Find this Podcast “Getting Started With Azure Functions” on the ThreeWill Soundcloud, Stitcher, and iTunes.


Danny Ryan:Hello and welcome to the ThreeWill podcast. This is your host Danny Ryan and I have Pete Skelly here with me. He is our director of technology, yes?


Pete Skelly:Ah, that’s correct.


Danny Ryan:Director of technology.


Pete Skelly:That’s what they call me today.


Danny Ryan:You take the technology and you direct it in certain ways, is that what you do?


Pete Skelly:Some would say that.


Danny Ryan:Some would say that and so this is going to be a really fun podcast because Pete is in the delirium stage at this point right now so what better than to sit down, record it for posterity and so when your grandkids are listening to this they’re like, “Papa, what are you talking about? I don’t understand what you’re talking about. You sound silly.” What, seriously today we wanted to talk about a subject that we covered in the morning brew, a morning brew is something we do weekly where we sort of do knowledge sharing within ThreeWill. This week you covered Azure Functions, correct?


Pete Skelly:Yes, that’s correct.


Danny Ryan:A sec, hit that and tell me at a high level, assume I was there and listening or maybe I wasn’t listening and you were going to describe this to me at a high level?


Pete Skelly:Azure Functions, I don’t even know what the Microsoft marketing terminology and speak is at this point but Azure Functions to me really are the, a pure function if you will, and not in the proper use of pure function, don’t send me hate mail. It’s just the functionality that you want to run.


Danny Ryan:Okay.


Pete Skelly:There’s no additional need to have a full blown visual studio project or, you know, all this extra cruft to accomplish a typically small task. There’s a whole lot of caveats around that but that kind of boils down. You’ve got something you want to accomplish, it can be chunked very small, and it’s kind of an in and out function that achieves some, you know, valuable process.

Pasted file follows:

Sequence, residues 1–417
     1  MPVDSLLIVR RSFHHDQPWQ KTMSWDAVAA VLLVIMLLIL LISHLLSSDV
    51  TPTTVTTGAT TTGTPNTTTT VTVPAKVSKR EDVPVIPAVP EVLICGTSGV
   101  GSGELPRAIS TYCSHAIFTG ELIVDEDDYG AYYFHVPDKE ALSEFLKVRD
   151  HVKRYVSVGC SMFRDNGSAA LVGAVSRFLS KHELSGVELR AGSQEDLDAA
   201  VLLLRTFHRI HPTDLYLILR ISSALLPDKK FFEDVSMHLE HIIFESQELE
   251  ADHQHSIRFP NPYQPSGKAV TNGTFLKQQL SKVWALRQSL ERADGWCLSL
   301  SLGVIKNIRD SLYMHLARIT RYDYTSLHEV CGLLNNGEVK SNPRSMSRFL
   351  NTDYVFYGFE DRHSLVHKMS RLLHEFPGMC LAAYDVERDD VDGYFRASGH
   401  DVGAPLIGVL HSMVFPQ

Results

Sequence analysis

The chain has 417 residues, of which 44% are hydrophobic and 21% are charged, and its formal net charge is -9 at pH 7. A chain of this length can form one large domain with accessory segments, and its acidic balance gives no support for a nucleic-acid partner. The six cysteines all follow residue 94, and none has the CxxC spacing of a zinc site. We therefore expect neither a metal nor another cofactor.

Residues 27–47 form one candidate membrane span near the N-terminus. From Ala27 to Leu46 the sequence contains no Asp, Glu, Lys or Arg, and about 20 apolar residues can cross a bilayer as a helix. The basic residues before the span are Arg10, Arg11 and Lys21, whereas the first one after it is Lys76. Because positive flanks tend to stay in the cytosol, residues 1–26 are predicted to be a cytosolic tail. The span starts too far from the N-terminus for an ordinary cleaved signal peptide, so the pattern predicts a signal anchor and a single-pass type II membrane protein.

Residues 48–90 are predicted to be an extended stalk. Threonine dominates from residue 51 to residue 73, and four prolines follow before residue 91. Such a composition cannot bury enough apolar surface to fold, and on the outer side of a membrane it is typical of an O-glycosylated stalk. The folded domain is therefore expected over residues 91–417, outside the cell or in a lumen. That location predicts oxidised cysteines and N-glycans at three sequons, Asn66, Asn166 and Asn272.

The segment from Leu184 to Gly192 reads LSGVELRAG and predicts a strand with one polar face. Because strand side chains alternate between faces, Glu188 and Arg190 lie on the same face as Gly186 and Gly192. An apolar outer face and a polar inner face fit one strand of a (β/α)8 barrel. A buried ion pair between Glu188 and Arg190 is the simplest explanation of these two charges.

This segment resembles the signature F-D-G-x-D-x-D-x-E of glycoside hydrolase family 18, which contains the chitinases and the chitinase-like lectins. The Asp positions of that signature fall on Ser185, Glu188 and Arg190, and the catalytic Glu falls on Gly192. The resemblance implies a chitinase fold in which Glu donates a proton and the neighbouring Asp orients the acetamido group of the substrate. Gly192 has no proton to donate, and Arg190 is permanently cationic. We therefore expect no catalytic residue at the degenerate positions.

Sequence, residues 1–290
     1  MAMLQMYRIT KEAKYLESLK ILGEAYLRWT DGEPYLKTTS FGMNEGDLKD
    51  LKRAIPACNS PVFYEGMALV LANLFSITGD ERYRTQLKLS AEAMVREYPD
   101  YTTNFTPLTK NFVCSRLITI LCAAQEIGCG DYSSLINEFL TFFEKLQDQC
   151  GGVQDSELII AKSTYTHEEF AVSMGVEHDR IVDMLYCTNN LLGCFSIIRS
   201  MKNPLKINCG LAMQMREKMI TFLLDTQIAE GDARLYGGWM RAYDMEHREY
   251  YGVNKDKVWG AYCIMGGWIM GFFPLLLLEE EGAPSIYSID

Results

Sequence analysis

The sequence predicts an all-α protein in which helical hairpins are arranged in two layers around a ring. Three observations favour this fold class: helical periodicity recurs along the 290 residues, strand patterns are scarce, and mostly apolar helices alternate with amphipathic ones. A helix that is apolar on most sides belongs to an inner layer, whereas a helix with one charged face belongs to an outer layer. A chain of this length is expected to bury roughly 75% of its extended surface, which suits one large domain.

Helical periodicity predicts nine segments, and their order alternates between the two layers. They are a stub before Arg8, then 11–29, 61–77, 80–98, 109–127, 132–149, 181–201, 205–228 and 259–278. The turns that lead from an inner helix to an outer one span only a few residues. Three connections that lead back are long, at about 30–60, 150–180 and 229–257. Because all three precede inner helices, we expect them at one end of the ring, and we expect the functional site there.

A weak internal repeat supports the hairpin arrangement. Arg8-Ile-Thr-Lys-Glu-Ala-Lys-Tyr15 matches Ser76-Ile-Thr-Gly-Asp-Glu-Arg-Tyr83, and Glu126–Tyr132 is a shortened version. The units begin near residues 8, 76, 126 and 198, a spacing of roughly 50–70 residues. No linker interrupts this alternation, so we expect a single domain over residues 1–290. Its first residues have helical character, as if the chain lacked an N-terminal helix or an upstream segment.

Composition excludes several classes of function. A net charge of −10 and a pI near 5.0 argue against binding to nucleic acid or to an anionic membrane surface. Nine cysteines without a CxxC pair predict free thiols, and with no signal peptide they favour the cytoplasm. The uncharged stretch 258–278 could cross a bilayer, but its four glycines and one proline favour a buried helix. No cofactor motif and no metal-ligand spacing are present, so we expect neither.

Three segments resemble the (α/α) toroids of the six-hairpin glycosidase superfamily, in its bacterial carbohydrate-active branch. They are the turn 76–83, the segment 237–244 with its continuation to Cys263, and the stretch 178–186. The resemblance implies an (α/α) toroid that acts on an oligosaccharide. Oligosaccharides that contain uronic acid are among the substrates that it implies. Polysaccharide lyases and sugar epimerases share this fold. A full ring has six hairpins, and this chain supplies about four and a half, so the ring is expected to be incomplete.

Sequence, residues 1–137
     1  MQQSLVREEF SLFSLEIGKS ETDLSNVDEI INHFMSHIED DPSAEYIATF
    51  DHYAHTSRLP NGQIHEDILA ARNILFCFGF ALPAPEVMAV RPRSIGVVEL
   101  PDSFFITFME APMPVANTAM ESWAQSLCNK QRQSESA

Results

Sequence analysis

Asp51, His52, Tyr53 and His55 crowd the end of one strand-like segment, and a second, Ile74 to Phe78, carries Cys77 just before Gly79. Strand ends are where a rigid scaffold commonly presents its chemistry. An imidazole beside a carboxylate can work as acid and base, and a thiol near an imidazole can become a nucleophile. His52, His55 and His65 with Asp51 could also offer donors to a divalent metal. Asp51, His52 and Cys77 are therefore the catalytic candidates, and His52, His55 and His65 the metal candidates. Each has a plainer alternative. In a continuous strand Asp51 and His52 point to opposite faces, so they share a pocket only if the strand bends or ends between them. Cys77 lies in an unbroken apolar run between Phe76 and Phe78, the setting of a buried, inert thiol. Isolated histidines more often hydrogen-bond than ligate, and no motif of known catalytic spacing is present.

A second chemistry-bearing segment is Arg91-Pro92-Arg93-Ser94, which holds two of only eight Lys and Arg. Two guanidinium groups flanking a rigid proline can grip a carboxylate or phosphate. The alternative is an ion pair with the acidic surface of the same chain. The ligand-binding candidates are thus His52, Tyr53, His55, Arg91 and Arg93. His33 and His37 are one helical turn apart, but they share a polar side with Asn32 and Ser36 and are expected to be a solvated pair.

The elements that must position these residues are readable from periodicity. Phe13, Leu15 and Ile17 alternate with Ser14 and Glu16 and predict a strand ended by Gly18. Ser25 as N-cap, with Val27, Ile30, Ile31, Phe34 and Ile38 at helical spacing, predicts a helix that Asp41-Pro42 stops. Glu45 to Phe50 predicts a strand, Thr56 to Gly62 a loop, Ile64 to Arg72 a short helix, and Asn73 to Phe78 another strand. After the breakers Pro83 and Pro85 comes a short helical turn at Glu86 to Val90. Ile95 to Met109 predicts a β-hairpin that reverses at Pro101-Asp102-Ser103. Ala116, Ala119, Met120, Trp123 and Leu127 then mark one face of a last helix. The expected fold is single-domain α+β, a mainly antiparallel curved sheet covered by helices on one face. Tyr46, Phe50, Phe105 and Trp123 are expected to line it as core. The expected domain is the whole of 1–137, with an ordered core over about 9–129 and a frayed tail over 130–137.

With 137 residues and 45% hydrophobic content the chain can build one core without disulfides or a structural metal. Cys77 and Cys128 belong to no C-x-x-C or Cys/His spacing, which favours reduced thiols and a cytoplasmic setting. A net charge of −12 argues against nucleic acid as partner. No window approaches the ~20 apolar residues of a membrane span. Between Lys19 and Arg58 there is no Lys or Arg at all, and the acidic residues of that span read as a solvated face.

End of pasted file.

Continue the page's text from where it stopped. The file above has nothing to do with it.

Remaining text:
Danny Ryan:This is, previously we’d take these and you know you’d build out an app and this app would have a bunch of functions inside of it and-


Pete Skelly:Yep.


Danny Ryan:Here we’re taking something that’s going to, I mean we’re just putting it out there in the cloud and something that we can interact with and do what we need to do in little bite sized chunks.


Pete Skelly:Yep.


Danny Ryan:They go and they do their thing and they probably I guess just very specific inputs and outputs for this little guy that does this thing?


Pete Skelly:Absolutely, so Azure Functions are based on the Azure WebJobs SDK.


Danny Ryan:Okay.


Pete Skelly:You know, and please if somebody if I misstate this provide some comments or feedback in the


Danny Ryan:There will be a comments section.


Pete Skelly:Website that Danny has so, you know, full transparency Azure Functions were recently released to GA.


Danny Ryan:Okay.


Pete Skelly:Myself and someone else in our free time are spending some time learning some Azure Functions and one of the things that we started to look at was what do you really do with them? The classic example is a timer job.


Danny Ryan:Okay.


Pete Skelly:Probably the biggest use of WebJobs, at least from ThreeWill’s perspective for customers or even internal, we used WebJobs for timer jobs so we had some-


Danny Ryan:I love a good WebJob, I’ll tell you that much.


Pete Skelly:The timer job really was, I just, I’m not even going there. The timer job really is the classic example, you know, I have to clean out some table in a database, or I have a files in some location that I want to clean out, or it’s a very simple, everybody gets it, you know, classic IT Admin schedule a job to actually import a file or something.